Because the U.N. does not (and cannot) properly uphold the responsibilities laid out in its own charter, the U.S. often has to act as the world’s police force…either as part of the North Atlantic Treaty Organization (NATO) or as part of some ad-hoc coalition. I hate that we have to do this…but better us than nobody at all. But this doesn’t mean that we have the responsibility — or the authority — to go around freeing all the oppressed peoples of the world. The moral imperative to defend human rights for all people is in tension with the principles of national sovereignty, and with the practical concerns of the just war theory (which limits wars to situations where they are less harmful than the wrong they seek to right, and when there is a reasonable chance of success).
So the only thing we can do with regard to China’s human rights abuses is try to nibble away at them wherever we can as part of our trade and other negotiations with them. And even when we fail, more free trade still means more cultural exchange. More cultural exchange means more and more of China’s people will demand more and more freedoms for themselves. And, if and when the time is right, we can step in to assist the people in their own fight for freedom.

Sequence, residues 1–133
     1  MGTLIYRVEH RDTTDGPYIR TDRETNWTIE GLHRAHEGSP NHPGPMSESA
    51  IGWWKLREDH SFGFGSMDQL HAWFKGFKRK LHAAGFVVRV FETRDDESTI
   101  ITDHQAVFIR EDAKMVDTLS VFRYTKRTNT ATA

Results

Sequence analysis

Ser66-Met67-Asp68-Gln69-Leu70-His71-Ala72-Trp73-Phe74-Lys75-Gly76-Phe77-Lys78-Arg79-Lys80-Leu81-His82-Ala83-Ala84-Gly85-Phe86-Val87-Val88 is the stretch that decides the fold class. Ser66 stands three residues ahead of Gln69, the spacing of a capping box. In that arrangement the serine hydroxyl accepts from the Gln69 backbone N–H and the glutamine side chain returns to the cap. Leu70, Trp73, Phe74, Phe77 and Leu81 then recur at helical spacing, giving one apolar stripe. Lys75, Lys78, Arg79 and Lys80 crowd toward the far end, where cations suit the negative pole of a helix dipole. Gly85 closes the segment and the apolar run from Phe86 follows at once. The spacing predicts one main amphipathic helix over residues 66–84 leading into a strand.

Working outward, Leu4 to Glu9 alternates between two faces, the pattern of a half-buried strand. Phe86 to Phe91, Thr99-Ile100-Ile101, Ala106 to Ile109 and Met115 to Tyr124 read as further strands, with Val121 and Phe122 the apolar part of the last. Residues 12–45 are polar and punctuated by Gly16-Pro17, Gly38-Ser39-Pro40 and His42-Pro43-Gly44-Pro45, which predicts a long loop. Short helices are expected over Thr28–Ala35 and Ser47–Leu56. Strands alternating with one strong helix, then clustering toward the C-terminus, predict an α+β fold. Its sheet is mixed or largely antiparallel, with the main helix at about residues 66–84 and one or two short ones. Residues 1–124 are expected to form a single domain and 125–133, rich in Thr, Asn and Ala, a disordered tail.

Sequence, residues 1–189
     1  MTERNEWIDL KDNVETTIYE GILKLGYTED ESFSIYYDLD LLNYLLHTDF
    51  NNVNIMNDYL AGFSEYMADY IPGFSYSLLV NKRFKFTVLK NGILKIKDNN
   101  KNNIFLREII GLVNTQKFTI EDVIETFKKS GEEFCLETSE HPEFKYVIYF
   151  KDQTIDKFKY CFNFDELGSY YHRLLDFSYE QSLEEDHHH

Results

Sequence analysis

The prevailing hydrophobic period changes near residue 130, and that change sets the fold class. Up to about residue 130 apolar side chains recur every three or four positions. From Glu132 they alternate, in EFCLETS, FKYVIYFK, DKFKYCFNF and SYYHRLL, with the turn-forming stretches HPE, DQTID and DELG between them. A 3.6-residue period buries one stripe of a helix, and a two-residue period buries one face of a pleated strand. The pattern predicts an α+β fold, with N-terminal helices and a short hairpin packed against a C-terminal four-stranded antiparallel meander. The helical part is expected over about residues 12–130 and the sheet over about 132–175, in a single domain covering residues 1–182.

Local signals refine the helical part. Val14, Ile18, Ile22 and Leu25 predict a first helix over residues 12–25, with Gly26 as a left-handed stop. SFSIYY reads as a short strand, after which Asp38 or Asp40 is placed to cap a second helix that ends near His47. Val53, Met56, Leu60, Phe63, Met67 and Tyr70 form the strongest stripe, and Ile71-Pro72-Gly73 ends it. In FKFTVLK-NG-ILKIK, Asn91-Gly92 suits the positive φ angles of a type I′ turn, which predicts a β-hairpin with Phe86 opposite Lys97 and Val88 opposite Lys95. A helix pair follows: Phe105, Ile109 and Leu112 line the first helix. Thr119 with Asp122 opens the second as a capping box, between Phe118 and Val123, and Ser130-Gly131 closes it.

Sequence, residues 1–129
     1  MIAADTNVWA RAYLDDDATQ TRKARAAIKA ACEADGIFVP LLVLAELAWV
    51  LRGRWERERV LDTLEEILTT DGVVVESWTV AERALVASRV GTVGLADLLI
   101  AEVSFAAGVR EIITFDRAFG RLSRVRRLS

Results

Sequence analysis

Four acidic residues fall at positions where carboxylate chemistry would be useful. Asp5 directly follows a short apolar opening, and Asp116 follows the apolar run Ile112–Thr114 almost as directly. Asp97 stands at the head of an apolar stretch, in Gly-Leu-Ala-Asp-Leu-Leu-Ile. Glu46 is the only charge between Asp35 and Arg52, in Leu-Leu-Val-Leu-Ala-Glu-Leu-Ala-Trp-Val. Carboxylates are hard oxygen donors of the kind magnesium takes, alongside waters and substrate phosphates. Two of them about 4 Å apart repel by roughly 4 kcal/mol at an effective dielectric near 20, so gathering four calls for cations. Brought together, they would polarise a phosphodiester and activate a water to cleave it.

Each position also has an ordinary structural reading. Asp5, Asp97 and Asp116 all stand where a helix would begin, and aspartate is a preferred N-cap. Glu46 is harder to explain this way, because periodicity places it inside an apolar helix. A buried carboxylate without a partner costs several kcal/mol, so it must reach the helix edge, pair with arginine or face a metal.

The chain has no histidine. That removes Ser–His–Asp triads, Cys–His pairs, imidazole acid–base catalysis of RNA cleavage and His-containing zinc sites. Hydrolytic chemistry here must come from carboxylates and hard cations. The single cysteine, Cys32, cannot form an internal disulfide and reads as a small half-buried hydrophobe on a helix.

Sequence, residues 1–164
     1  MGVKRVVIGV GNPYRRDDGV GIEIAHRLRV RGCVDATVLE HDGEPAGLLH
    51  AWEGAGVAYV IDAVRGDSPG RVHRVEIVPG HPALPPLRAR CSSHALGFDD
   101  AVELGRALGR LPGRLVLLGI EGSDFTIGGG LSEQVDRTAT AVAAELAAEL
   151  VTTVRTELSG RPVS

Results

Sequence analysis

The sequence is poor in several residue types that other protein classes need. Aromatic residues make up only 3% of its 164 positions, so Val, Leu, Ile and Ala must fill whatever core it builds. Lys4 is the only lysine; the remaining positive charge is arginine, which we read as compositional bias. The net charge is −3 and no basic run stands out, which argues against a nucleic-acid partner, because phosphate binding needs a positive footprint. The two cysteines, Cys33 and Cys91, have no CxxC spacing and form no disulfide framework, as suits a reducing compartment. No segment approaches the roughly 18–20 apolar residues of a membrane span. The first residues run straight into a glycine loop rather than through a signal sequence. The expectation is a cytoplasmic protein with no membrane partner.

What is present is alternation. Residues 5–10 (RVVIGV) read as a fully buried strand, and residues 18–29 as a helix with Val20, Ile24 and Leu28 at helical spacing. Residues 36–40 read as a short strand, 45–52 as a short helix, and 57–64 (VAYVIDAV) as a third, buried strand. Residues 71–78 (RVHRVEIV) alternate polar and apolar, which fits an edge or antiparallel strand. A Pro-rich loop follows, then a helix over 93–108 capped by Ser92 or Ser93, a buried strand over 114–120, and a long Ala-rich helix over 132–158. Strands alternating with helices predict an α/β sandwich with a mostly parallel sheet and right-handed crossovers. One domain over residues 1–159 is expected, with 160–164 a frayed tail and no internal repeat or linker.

The Republic of Korea (South Korea) is one of our greatest allies and trade partners. The Democratic People’s Republic of Korea (North Korea), on the other hand, is an isolated, retrograde dictatorship led by a psychopath. And the two Koreas maintain a peace even more uneasy than the two Chinas (see below).
The free world — the U.S. included — has tried early every approach to bring about peace and stability in North Korea. War, sanctions, and diplomacy in equal measure have all proved persistently ineffective against the unpredictable madmen that have led the so-called “hermit kingdom.”